Economics is Hard for Girls [Updated]

[Update:  I got quite a lot of negative feedback about the “tone” of this entry.  I admit I was ticked off when I wrote it and probably should have let it sit for a day or so.   Having said that, I stand by the point, which I think is valid.   However, I do confess to being, as one commenter said, “tone deaf.”  ]

There’s an old story about a child who murdered his parents and then, at his trial, pleaded for mercy from the court… because he was an orphan.

Senator Elizabeth Warren (D-Cherokee Nation)  recently snarked at an economist that the minimum wage, if it had grown since 1960 at the same rate as “productivity,” should be about $22 an hour instead of $7.25. She wondered out loud “what happened to the other $14.75?”

Well, there’s one thing that happened that nobody is talking about.  You can use this little tidbit of information to start a fight with Aunt Nellie next Thanksgiving, if nothing else.

But first, Economics 101:  When you double the supply of something, does that put upward or downward pressure on prices?  In other words, if there’s more of something available, does the price go up or down?  Answer:  The price goes down.  This is called “supply and demand” (see also “basic friggin common sense.”)

Here’s the answer to Fauxcahontas‘ question:  In the 1960s, the labor supply doubled.  That’s right.   And wages flatlined.

Prior to “the Sixties,” women were expected to do silly things like getting married, having babies and raising them, while men were expected to go out and do silly things like getting jobs to support their wives and children.  So wages were relatively high because (a) only half the population (the male half) was looking for work and (b) most men needed to make a certain amount of money because they were supporting a family.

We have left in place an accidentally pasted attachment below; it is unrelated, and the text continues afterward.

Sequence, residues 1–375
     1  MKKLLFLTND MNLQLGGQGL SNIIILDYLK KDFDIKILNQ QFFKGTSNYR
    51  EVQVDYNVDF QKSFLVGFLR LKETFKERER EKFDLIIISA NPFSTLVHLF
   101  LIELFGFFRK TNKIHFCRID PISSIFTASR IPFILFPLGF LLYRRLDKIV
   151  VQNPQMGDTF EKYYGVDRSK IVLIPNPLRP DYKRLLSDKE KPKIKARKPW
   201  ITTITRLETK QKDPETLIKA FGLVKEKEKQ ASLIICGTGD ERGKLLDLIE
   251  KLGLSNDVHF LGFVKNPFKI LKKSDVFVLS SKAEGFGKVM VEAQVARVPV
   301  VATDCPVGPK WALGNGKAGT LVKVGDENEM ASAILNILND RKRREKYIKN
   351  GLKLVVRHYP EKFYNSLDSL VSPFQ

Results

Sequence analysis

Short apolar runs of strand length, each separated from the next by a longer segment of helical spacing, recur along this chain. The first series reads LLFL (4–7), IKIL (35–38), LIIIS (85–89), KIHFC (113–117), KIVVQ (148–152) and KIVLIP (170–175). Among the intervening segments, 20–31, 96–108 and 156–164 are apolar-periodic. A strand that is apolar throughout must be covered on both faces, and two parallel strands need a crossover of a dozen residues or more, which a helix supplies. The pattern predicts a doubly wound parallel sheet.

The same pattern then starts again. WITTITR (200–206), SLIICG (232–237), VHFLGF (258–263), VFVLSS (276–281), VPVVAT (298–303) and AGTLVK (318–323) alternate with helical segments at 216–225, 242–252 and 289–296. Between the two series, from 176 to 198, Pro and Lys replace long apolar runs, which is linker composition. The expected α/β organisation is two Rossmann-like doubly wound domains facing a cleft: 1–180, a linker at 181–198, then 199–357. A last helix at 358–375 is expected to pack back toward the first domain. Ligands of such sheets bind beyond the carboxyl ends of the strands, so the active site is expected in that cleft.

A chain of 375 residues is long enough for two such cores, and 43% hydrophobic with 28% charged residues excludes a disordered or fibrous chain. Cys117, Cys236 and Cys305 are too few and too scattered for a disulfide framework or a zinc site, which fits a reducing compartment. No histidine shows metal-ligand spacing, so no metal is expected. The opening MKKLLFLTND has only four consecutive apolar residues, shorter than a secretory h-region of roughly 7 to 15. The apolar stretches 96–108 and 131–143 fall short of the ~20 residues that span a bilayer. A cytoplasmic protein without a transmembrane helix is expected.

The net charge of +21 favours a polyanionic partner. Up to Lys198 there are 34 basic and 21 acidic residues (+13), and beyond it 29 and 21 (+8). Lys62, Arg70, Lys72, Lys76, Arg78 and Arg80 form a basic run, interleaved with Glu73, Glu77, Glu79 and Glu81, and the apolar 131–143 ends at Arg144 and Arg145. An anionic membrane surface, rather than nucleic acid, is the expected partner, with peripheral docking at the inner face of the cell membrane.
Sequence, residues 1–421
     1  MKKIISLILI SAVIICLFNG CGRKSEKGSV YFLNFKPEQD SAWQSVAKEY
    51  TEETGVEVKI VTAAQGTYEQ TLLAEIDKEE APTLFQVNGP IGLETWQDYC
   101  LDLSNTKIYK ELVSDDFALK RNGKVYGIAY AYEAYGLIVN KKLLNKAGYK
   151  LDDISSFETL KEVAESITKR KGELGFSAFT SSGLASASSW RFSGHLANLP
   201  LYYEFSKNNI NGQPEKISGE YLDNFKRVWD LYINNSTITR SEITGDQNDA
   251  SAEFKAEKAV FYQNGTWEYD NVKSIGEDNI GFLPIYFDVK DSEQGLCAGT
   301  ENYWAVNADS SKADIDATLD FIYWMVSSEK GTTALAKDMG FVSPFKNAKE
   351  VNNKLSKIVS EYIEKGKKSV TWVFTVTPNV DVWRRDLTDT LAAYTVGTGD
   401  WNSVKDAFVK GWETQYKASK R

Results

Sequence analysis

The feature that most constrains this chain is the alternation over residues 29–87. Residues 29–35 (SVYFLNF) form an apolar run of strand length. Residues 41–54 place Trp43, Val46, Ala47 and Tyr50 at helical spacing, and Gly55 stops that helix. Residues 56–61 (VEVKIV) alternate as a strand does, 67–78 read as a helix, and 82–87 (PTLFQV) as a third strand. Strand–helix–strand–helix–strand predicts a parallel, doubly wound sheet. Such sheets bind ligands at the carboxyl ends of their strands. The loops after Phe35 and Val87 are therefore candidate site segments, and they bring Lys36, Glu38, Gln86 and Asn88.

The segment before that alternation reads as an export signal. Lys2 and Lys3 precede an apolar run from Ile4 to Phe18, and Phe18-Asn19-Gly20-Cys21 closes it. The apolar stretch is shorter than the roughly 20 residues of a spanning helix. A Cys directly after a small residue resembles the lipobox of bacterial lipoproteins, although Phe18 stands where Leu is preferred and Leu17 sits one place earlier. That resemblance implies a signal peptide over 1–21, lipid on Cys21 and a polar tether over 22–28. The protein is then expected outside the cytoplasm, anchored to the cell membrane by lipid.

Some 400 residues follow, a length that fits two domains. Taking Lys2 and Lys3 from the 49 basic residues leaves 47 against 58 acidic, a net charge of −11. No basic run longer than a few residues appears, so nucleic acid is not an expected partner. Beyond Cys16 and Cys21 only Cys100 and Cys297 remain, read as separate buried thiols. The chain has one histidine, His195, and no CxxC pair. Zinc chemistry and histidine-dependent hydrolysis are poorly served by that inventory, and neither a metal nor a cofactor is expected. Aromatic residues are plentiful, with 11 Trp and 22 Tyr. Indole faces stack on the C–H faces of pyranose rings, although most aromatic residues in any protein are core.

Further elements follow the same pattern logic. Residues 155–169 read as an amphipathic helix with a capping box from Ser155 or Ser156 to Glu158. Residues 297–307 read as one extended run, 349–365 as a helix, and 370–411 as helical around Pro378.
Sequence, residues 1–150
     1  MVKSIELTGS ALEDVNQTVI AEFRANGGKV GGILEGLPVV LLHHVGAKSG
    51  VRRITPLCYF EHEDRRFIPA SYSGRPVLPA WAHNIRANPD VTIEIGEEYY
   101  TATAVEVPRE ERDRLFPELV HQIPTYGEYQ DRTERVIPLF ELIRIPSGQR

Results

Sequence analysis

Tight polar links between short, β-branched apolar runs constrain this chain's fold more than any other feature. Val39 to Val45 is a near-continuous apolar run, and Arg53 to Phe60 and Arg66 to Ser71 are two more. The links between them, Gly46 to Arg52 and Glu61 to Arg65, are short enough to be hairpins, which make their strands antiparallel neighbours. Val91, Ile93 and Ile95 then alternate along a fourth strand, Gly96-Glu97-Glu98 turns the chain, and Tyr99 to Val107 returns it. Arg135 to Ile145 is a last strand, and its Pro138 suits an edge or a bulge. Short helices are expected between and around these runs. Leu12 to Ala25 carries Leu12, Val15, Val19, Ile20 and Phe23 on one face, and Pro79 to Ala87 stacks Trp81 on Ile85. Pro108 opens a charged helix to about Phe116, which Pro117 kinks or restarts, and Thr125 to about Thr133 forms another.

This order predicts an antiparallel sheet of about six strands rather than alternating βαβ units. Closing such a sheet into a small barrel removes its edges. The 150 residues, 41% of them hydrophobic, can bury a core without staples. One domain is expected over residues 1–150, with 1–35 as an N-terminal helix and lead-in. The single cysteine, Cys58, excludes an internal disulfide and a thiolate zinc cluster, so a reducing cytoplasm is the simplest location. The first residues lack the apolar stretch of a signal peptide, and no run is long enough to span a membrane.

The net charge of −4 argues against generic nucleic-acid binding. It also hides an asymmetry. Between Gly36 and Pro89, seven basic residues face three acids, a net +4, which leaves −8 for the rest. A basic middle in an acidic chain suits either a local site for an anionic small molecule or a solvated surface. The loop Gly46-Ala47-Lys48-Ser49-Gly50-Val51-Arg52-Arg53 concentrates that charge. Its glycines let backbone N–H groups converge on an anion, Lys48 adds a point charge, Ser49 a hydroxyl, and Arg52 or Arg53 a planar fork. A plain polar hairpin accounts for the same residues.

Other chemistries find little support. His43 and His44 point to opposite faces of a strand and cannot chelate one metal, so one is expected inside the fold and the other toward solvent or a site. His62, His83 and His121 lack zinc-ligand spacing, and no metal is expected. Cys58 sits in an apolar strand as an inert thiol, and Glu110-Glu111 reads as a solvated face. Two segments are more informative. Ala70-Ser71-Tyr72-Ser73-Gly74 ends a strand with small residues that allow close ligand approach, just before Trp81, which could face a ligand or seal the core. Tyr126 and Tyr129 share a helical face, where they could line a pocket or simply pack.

In the late sixties, thanks to “women’s liberation”  (later renamed “feminism” because it was easier to fit on T-shirts)  this foolish system was abandoned in favor of a system where everybody went out and looked for a job and then came home and bitched about how there were no good jobs at good wages available anymore.    Because there were suddenly twice as many (give or take) workers available, there was incredible downward pressure on wages (the price of labor.)   Look it up.   I’ll wait.

[ Parenthetical addendum:  Also in the 1960s:  The “Immigration and Nationality Act of 1965” opened the doors of an immigration tide that hasn’t stopped yet.  This shoved wages, already depressed, further down as immigration doubled by 1970, then doubled again by 1990. ]

So one reason for the depressed minimum wage is the very people who are bitching about it now – the Left.

You want to know why the minimum wage is so low, Professor Warren?  Look in a mirror.




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